7. GelCompar is licensed in the United States and several other countries to Bio-Rad. Other software such as Molecular Analyst runs on an Apple platform. The Bio Image Whole Band Analyzer runs on a Unix platform. We have compared and evaluated such software to determine whether results generated by these programs correlated adequately with visual interpretation of DNA patterns (13). The software packages try to imitate the automatic band alignments that our eyes perform and accomplish it successfully in most instances when gels are of good quality. Computerized alignments of the internal control bands in heavily distorted gels are frequently performed inaccurately; therefore such gels should be eliminated from the comparison or the analysis repeated.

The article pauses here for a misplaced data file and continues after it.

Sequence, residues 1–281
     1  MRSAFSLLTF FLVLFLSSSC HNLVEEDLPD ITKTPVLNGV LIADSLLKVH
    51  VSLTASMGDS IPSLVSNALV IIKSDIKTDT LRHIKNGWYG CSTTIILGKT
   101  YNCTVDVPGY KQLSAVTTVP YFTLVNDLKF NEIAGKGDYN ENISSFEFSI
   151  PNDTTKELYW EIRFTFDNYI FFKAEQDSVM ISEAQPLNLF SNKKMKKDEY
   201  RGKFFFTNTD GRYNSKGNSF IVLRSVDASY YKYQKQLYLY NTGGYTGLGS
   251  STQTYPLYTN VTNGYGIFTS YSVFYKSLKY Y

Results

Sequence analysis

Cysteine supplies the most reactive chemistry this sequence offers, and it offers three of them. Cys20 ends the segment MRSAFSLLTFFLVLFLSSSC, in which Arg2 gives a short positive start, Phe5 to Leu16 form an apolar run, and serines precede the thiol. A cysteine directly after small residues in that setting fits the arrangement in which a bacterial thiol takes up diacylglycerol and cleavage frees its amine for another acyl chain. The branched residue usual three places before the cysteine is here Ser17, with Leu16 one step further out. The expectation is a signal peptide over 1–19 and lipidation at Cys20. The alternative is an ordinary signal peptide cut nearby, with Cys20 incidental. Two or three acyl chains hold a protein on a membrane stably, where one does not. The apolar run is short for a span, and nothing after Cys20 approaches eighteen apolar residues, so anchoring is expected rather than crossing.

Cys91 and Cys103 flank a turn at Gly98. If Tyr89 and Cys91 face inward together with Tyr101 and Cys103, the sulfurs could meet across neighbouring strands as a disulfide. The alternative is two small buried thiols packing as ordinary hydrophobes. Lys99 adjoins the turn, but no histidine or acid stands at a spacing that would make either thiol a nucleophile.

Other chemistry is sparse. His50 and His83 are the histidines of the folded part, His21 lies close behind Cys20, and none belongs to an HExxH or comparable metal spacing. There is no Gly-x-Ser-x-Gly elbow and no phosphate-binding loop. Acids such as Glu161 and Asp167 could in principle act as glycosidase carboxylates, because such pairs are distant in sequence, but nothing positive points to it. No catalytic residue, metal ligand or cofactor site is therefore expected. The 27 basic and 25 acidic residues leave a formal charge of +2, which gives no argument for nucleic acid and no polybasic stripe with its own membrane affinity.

This work was supported by The University of Basque Country and project IE019, subproject DIAMOLFUN from the Basque Government. A. B. Vivanco and S. Brena were supported by predoctoral grants from The University of Basque Country and M. T. Ruesga by a predoctoral grant from the Ministerio de Educación y Ciencia, Spain.


1 Arif, S., Barkham, T., Power, E. G., and Howell, S. A. (1996) Techniques for investigation of an apparent outbreak of infections with Candida glabrata. J. Clin. Microbiol. 34, 2205-2209.

2 Sutphin, J. E., Pfaller, M. A., Hollis, R. J., and Wagoner, M. D. (2002) Donor-to-host transmission of Candida albicans after corneal transplantation. Am. J. Ophthalmol. 134, 120-121.

3 Clemons, K. V., Park, P., McCusker, J. H., McCullough, M. J., Davis, R. W., and Stevens, D. A. (1997) Application of DNA typing methods and genetic analysis to epidemiology and taxonomy of Saccharomyces isolates. J. Clin. Microbiol. 35, 1822-1828.

4 Versavaud, A., Courcoux, P., Roulland, C., Dulau, L., and Hallet, J.-N. (1995) Genetic diversity and geographical distribution of wild Saccharomyces cerevisiae strains from the wine-producing area of Charentes, France. Appl. Environ. Microbiol. 61, 3521-3528.